By April last year, eight out of ten UK employees had a workplace pension, yet only around a third of the population grasps the concept of compound interest (vital to understanding retirement savings). In fact, numeracy levels correlate directly with retirement savings. Those employees with lower numeracy are shown to have different wealth projections both pre and post retirement than those employees who are more numerate. But numeracy levels also correlate with levels of debt and investment decisions. So while a record number of employees (more than two thirds) now say they want more financial wellbeing support at work, are we missing some of the basics? According to a number of in-depth interviews with HR leaders by Benefex and King’s College London, many agree that we are.
Employee financial wellbeing is inextricably linked with other areas of employee wellbeing. There is a direct and cyclical relationship between money and mental health, so when we consider the impact of improving an employee’s numeracy skills, we are actually looking at ways to improve their physical and emotional wellbeing as well.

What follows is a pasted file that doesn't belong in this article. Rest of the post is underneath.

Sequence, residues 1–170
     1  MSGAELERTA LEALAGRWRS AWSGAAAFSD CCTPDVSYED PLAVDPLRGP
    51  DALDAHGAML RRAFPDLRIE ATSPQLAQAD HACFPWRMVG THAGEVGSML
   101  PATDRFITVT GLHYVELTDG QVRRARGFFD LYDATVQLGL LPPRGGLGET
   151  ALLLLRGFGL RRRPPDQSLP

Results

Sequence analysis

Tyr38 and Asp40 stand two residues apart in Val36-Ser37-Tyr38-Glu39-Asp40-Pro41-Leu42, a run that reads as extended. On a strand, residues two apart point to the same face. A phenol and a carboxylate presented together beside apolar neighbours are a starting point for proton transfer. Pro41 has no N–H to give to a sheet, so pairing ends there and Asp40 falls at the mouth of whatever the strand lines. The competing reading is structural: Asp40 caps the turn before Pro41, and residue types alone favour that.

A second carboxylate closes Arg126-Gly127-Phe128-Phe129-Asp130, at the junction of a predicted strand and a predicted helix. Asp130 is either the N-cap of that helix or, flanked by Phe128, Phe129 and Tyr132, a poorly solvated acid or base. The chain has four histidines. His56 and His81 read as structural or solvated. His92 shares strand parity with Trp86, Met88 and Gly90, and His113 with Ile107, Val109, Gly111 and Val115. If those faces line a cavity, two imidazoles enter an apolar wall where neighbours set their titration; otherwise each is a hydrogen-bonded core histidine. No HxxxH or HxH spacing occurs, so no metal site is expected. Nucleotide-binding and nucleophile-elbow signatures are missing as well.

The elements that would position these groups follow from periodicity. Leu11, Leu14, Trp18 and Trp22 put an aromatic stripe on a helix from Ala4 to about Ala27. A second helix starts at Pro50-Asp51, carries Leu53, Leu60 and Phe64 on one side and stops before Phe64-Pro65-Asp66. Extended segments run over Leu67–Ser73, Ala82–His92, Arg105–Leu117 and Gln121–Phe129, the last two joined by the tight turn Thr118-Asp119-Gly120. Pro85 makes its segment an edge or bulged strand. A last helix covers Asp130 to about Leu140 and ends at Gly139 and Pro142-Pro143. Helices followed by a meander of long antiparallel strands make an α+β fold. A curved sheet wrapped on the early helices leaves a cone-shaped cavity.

Numeracy and Employee Wellbeing
There is growing evidence that the shame and stress many feel because of their lack of numeracy skills is impacting other areas of their wellbeing. Recent research has found that low adult numeracy is associated with worsening health conditions and poorer health outcomes. Those with low numeracy skills are more likely to become depressed and tend to be prescribed more medicines.
There is a robust relationship between financial education and numeracy and there is a direct relationship between debt and numeracy. Without confidence in numbers, it is incredibly hard for employees to effectively manage their finances, and this causes them stress. We know that poor financial wellbeing impacts absence rates, presenteeism and mental health at work, so we can create direct links between poor employee numeracy and business outcomes.